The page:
Texas, Maryland enact legislation that prohibits forced discounts on servicesJuly 20, 2013
Several state affiliates are promoting legislation to stop an unfair business practice used by vision plans to force optometrists to give discounts on services and materials not covered by a patient’s vision plan. The practice forces optometrists to charge varying prices to patients for services and materials not covered under the contract. The legislation is based on similar legislation pushed by dentists that has passed in at least 30 states that prohibit forced discounts on services.
The optometric version of the legislation was first passed by Kentucky in 2012 and then passed by both Maryland and Texas in 2014. The optometry version of the law would prohibit anti-competitive behavior by health plans and vision plans and allow providers and patients to reach reasonable fees for services and materials. Also, it will stop health and vision plans from hurting small businesses by forcing unfair contract terms on them.
Regarding the Maryland bill, John L. Burns, O.D., Maryland Optometric Association president, called the passage of House Bill 1160 a victory for optometry and for all vision care providers in Maryland.
He noted that Maryland’s bill not only prevents insurers from mandating optometrists provide discounts on uncovered materials and services, but goes one step further: it also provides protections against contract provisions forcing optometrists to join a discount vision plan in order to participate with the insurer’s major medical network.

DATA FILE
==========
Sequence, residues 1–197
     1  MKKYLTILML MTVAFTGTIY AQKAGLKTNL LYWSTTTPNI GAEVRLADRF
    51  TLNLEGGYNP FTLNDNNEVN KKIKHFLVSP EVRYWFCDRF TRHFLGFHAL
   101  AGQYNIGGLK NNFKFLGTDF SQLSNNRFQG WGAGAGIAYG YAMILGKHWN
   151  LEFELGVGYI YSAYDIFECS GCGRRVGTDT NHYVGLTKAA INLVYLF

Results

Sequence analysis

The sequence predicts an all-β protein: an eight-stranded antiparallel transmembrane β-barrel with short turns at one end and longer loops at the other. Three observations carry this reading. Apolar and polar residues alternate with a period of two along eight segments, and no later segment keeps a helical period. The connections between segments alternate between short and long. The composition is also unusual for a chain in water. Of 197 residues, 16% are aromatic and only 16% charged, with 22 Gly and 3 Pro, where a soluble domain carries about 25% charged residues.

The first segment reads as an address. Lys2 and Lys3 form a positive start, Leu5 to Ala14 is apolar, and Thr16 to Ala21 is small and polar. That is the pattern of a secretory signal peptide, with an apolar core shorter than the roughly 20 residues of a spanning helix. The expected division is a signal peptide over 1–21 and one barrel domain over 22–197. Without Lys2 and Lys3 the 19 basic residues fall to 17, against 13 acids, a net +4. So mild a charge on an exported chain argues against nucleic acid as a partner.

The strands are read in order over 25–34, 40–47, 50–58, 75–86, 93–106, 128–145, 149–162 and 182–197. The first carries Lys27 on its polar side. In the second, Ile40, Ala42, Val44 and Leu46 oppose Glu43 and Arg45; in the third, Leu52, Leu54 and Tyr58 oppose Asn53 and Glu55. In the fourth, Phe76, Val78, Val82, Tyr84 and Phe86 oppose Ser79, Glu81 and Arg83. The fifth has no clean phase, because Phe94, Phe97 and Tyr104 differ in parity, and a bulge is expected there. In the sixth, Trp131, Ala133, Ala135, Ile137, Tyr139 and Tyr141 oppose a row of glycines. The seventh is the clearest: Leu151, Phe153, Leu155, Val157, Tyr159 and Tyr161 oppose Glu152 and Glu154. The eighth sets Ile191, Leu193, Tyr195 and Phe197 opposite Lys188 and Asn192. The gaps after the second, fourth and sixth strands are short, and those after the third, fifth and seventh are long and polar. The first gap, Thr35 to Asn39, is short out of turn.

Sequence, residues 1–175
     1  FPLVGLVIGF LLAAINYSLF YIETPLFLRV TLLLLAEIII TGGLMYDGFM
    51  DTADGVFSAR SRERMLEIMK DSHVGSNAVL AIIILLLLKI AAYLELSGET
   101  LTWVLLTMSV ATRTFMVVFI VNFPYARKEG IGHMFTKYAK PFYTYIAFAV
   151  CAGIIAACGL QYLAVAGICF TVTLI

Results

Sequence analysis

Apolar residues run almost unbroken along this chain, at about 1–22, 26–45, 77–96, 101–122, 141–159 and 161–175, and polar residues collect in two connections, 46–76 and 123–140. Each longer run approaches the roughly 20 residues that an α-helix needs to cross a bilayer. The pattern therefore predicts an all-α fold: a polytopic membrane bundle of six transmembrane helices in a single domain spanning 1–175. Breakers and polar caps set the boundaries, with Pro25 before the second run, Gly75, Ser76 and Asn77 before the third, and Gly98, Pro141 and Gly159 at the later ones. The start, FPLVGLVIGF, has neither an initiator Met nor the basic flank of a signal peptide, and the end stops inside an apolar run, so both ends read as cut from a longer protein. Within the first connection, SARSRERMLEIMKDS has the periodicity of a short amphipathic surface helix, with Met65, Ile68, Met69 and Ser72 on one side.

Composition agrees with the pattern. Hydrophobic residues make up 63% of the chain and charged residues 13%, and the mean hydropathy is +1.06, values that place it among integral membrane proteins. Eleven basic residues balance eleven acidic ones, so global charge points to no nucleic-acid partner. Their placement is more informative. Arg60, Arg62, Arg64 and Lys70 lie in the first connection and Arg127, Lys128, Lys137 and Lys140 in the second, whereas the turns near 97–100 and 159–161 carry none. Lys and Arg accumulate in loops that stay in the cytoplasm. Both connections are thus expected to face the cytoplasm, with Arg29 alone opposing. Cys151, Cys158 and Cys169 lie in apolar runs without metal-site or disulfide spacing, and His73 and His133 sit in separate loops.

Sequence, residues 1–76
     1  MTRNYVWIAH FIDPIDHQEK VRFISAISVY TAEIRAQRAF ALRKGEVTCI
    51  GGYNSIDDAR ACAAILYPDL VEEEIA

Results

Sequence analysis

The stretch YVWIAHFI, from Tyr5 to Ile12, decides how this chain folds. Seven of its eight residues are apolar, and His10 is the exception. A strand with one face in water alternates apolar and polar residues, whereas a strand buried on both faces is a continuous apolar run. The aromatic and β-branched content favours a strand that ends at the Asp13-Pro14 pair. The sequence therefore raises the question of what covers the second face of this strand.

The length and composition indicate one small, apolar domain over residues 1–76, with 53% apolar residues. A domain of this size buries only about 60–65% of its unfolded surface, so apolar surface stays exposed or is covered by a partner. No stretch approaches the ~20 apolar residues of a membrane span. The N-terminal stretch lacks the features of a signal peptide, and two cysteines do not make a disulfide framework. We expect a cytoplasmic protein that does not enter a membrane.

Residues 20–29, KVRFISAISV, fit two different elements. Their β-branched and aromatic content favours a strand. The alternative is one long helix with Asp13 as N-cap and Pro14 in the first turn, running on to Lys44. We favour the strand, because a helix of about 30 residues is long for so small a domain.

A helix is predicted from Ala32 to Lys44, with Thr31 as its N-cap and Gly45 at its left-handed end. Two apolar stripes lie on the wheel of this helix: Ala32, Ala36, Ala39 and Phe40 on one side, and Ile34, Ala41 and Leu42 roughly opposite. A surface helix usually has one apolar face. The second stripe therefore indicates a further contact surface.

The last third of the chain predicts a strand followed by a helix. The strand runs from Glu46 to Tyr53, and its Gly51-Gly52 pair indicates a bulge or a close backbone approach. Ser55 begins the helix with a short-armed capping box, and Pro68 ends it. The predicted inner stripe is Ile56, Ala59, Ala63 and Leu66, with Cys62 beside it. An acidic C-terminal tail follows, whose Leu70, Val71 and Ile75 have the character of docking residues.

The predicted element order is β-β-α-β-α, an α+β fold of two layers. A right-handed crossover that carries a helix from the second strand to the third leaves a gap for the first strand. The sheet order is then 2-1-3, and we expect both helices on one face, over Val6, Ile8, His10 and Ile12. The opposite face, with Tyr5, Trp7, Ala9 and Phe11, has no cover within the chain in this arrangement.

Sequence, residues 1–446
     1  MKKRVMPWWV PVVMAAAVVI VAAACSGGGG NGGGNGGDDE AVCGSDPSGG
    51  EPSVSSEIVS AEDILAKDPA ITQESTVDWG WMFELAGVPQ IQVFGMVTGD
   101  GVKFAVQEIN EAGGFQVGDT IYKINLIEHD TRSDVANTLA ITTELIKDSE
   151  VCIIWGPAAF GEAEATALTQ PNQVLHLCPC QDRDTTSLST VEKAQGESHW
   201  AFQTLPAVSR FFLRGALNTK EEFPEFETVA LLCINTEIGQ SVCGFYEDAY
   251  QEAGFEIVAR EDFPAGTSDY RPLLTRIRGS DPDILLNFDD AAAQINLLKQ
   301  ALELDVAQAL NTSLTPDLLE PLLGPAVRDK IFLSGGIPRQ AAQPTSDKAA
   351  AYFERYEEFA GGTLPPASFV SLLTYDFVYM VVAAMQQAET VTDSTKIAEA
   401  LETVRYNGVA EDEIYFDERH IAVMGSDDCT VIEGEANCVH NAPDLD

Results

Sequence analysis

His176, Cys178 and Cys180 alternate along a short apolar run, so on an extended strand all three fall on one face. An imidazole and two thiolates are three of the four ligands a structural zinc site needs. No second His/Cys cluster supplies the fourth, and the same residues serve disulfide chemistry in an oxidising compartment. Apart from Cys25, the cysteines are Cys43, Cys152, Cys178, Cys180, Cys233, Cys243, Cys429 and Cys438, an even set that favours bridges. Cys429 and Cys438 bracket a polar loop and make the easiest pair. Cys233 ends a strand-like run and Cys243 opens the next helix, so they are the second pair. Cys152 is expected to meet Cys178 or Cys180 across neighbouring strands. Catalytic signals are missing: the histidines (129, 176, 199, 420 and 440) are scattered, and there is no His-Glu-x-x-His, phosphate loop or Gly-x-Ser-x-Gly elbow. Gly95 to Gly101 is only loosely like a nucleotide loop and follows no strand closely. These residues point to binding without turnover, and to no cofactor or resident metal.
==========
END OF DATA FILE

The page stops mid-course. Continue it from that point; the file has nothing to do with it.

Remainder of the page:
“The MOA is thrilled to have passed this piece of legislation in just one year,” Dr. Burns added. “There is a lot more to do, but this was a great start.”
On the Texas bill, Thomas A. Lucas, Jr., O.D., legislative chair for the Texas Optometric Association, said, “This is an important victory for the profession of optometry, not only now but for the future. We are happy that Texas could lead the way on this state-by-state initiative to restore a small amount of independent decision making to our practices.”
“What this bill is really about is common-sense fairness to our small businesses. This law sets what most consider to be very reasonable and obvious limits on what is out-of-bounds in a contracting situation that can be inherently unfair to the small business optometrist,” said Dr. Lucas. “Allowing optometrists to be competitive and responsive to local marketplace conditions for products and services beyond the defined covered benefit is a good thing for optometrists, employers and patients.”
When talking to legislators, it’s important to point out that this bill does not mandate a benefit on the insurance companies or raise insurance costs for patients because this requirement does not require health plans, vision plans or consumers to add any additional services to their plan. In addition, the bills do not prohibit one business from forcing another business to reduce its charges for services when it does not pay any part of the purchase cost.
State leaders interested in the legislation should attend the 2013 State Legislative and Third Party National Conference Sept. 8-9 in Washington, D.C., to learn more about this bill. For more information, contact Brian Reuwer at the AOA’s State Government Relations Center at 703-837-1343 or via email at firstname.lastname@example.org.